COVID-19: Bankruptcy Code Amendments in Consolidated Credit Law and COVID-19 Bankruptcy Relief Extension Law

On March 27, 2021, President Biden enacted the law COVID-19 Bankruptcy Relief Extension Act (the law on extension). The Extension Act temporarily extends certain COVID-19 bankruptcy relief provisions adopted as part of the Coronavirus Aid, Relief and Economic Security Act (CARES Law), which were again amended and / or extended within the framework of the Consolidated Appropriation Act (the CAA). Some of the changes included in the CAA and the Extension Act are highlighted below:

Debtor Protection Program Loans and Paychecks

Under the CARES Act, Congress established the Paycheck Protection Program (PPP) administered by the Small Business Administration (SBA), through which businesses can obtain loans that would be canceled if borrowers used the funds for certain authorized purposes. The SBA enacted a rule declaring bankrupt debtors ineligible for PPP loans. Debtors across the country have challenged this rule. The CAA is attempting to address this problem by expressly allowing certain bankrupt debtors to obtain PPP loans only if the SBA administrator sends a letter to the director of the United States Executive Board of Trustees approving the rule change. If the SBA administrator delivers such a letter, PPP funds will be available (a) in cases filed after the letter delivery date and (b) to subchapter V small business debtors, debtors of family farmers and fishermen of Chapter 12, and to Chapter 13 debtors employees. To date, the SBA administrator has yet to deliver the letter. This provision expires under the CAA on December 27, 2022.

Discrimination under section 525

Section 525 of the Bankruptcy Code generally protects bankrupt debtors from certain types of discrimination based solely on the fact that the debtor has sought bankruptcy relief. The CAA amends section 525 to clarify that a bankrupt debtor also cannot be deprived of the benefit of certain provisions of the CARES Act by virtue of their status as a bankrupt debtor, including (a) the foreclosure moratorium and the right to seek forbearance, (b) forbearance from mortgage payments for multi-family properties, and (c) temporary moratorium on eviction deposits. This amendment to section 525 will expire on December 27, 2021.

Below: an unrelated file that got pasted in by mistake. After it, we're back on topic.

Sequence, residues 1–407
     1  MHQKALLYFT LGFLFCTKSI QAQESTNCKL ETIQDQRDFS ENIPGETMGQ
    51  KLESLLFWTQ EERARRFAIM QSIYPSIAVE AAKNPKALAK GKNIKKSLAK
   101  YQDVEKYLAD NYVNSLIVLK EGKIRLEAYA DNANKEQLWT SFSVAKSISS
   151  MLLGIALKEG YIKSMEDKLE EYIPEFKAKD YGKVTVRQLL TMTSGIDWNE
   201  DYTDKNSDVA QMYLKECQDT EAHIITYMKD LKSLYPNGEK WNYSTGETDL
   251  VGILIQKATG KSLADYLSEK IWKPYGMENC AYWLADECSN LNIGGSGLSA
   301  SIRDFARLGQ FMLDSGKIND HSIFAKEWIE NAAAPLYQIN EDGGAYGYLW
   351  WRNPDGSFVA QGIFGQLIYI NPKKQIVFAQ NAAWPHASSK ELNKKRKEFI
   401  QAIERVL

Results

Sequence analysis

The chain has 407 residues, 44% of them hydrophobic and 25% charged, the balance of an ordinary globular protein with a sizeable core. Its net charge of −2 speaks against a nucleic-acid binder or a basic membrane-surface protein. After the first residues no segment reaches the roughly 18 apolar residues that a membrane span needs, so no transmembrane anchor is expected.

Unmatured non-residential real estate leases

Section 365 (d) (3) of the Bankruptcy Code requires a debtor to continue to execute its unexpired non-residential real estate leases on time, until such leases are accepted or rejected. The CAA allows debtors in subchapter V small business cases to request a 60-day (up to 120 days total) performance period under its unexpired non-residential real estate leases, if the debtor has experienced and continues to suffer from a significant financial situation. difficulties due to the COVID-19 pandemic. In addition, and without the need to demonstrate significant financial hardship, the CAA also allows an additional 90-day extension to the 120-day period for the debtor to assume or reject unexpired non-residential real estate leases. With this additional extension, all debtors can have up to 300 days to determine whether to assume or reject these leases. These two provisions expire on December 27, 2022, but they will remain applicable to any business initiated before that date.

Preferences

Section 547 allows a debtor or trustee to avoid certain payments under pre-bankruptcy obligations while the debtor is insolvent. The CAA amends section 547 to prohibit the cancellation of payments made during the preference period after March 13, 2020, for “covered rent arrears” and “covered supplier arrears” that had been deferred under an abstention or a similar agreement. In order for payments to be eligible for the cancellation exemption, they must not include any fees, penalties or interest in excess of those amounts that would have accrued without any deferral.

Tariffs

The CAA is also amending Section 507 (d) of the Bankruptcy Code to allow claims arising from customs duties paid to the federal government on behalf of an importer. The provision is designed to help brokers and freight forwarders who pay the government for tariffs on behalf of customers and expires on December 27, 2021.

Creditors’ claims

Finally, the CAA amends Articles 501 and 502 of the Bankruptcy Code to create a process by which creditors can file proof of claim for amounts accrued due to the implementation and relief provided by the CARES Act. This provision aims to compensate creditors for any damage suffered as a result of the implementation of the CARES law, and it expires on December 27, 2021.

Subchapter V Limits

The bill extends until March 27, 2022, the debt ceilings increased under the Small Business Reorganization Act, 2019, allowing more debtors to use streamlined subchapter V bankruptcy procedures. The CARES Act previously increased these debt limits from $ 2.7 million to $ 7.5 million , but this increase was originally scheduled to expire on March 27, 2021.

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